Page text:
There once was a time when Cowher had the upper hand on the other Bill, winning three division titles to Belichick’s none with Cleveland when the two opposed each other from 1992-95 in the former AFC Central. Back when Cowher arguably had the more talented team, nobody called Belichick a genius or suggested he repeatedly outcoached Cowher.

Now, the goal going into a new season for Cowher – and, too, for Dungy, Schottenheimer, Reid and the others – is to find a way, any way, to get past Belichick, go to the Super Bowl and win it. If there’s a common lesson from last season’s playoffs to be learned among the group, perhaps it’s that passivity isn’t the way to do it.

Cowher, Schottenheimer, Reid and Jets coach Herman Edwards all took the overly cautious approach when faced with important game-management decisions, and all lost. Schottenheimer and Edwards were so conservative with their play-calling when their teams got within range of game-winning field goals they left their kickers with overly long attempts that were missed – in Edwards’ case, twice in a span of several minutes during an overtime loss in Pittsburgh.

Reid declined to go into a hurry-up offense with the Eagles trailing New England late in the Super Bowl, leaving his team no time and no chance to win. And Cowher went for a field goal rather than a touchdown with the Steelers surging back early in the fourth quarter of the AFC title game after trailing 24-3 at the half – such an against-the-book call for a normally adventuresome coach the Heinz Field crowd gasped audibly when kicker Jeff Reed ran onto the field. The Steelers, their momentum stalled not by the Patriots but by the call, were never in the game again.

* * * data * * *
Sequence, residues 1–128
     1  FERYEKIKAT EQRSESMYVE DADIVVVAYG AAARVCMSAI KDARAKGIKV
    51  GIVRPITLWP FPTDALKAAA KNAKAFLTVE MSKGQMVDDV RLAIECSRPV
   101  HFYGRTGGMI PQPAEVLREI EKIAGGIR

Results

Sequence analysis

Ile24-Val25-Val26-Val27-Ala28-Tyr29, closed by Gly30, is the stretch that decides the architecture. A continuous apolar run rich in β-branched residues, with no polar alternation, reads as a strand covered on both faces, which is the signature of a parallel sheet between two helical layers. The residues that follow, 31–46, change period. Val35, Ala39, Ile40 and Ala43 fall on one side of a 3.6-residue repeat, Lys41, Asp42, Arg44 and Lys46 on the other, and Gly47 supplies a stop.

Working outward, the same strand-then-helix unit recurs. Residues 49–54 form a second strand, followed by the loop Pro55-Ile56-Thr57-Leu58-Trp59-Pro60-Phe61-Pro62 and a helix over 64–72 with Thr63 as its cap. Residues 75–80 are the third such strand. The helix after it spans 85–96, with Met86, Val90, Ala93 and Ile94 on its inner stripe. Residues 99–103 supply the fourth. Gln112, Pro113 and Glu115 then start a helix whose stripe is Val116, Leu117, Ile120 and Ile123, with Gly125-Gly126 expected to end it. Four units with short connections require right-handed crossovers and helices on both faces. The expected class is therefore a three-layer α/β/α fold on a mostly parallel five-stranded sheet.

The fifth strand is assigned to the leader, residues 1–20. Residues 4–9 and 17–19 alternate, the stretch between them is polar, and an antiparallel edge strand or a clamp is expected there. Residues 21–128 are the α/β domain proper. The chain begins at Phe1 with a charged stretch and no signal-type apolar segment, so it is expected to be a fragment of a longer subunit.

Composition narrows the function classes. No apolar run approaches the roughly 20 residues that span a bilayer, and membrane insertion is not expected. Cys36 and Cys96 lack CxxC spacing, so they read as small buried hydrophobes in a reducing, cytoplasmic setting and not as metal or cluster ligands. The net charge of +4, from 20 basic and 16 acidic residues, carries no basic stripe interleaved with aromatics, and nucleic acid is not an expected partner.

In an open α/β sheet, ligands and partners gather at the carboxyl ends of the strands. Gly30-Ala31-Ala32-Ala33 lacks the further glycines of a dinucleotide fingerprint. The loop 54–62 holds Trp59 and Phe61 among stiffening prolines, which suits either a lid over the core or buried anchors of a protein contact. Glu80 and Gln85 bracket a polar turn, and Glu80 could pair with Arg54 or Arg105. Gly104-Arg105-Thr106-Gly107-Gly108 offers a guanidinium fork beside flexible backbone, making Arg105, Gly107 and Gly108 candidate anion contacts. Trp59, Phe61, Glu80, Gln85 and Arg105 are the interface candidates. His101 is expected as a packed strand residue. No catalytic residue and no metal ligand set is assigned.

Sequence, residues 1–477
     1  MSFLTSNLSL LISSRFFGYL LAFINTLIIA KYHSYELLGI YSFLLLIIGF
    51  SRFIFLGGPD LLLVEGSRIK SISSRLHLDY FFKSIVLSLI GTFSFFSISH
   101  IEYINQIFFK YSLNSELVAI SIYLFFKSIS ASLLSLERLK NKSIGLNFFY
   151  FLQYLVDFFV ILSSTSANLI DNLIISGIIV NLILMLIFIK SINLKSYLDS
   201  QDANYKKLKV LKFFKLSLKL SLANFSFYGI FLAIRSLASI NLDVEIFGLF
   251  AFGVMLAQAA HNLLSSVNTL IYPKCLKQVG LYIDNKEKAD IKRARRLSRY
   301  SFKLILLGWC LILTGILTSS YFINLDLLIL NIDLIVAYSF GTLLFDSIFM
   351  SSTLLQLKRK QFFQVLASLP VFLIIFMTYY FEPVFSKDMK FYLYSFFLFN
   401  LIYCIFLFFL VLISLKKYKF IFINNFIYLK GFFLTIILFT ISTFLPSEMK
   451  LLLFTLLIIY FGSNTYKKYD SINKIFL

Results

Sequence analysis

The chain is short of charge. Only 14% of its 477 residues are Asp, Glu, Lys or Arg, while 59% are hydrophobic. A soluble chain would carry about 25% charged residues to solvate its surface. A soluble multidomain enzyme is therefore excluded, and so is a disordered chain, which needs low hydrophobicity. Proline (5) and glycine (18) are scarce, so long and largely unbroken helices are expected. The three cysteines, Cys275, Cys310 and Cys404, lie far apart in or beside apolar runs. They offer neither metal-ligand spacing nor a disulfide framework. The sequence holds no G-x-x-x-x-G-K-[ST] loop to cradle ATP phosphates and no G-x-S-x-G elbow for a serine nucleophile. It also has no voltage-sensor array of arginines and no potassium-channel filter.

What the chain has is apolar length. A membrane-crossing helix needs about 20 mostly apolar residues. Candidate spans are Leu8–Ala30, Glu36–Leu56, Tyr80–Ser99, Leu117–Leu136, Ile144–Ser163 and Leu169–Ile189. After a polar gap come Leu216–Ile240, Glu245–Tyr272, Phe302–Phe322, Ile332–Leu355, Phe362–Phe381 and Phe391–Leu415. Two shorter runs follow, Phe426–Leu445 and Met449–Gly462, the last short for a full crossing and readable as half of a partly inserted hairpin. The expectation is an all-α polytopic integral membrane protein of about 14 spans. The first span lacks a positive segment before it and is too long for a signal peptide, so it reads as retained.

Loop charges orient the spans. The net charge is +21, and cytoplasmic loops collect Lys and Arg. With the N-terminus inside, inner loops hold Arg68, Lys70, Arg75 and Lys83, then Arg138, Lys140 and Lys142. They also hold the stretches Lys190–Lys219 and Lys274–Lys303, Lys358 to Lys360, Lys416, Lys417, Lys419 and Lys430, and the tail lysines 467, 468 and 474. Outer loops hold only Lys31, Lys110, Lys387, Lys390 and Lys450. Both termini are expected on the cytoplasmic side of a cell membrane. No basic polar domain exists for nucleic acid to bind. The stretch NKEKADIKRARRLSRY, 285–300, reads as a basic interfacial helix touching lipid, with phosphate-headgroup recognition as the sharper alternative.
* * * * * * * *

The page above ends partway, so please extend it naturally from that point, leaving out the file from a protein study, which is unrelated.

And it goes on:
Maybe it’s a coincidence, maybe it’s not, but Edwards, Cowher and Dungy, whose Colts have lost to New England in the playoffs the last two seasons, all were assistant coaches together in Kanas City under Schottenheimer.

Maybe seeing Belichick win three titles in four years will be enough to make these coaches change their thinking when they next make the playoffs. To get back there, Cowher constantly reminds his players of how quickly good teams can turn bad. Only two years ago, the Steelers went 6-10 after going 13-3 and 10-6 the previous two seasons.

“I’m driven every year,” Cowher said. “But there are no shortcuts. No easy way. You can’t take anything for granted, regardless of who you having coming back or their performances. I told the players, just because you played well last year, don’t think you’re going to get it done by just showing up.”

No, as the Steelers have learned, showing up year after year in the playoffs isn’t a guarantee of winning the Super Bowl, even while being led by a man who trails only Joe Gibbs, Bill Parcells and Belichick in playoff wins by active coaches.

“What we have talked about is putting ourselves in the same position – try to create as many home games as we can in the playoffs, try to get into the playoffs, and then it’s a new season,” he said.

That’s the consolation for all these Belichick chasers. It’s a new season, and maybe this is the time some other coach enjoys having confetti dumped on him in February. Maybe Reid. Maybe Cowher. Maybe Dungy. Maybe anybody but Belichick.

“The older you get, the more you agonize over the losses,” Cowher said. “We all know what we’re in this business for.”

AP-ES-08-30-05 1706EDT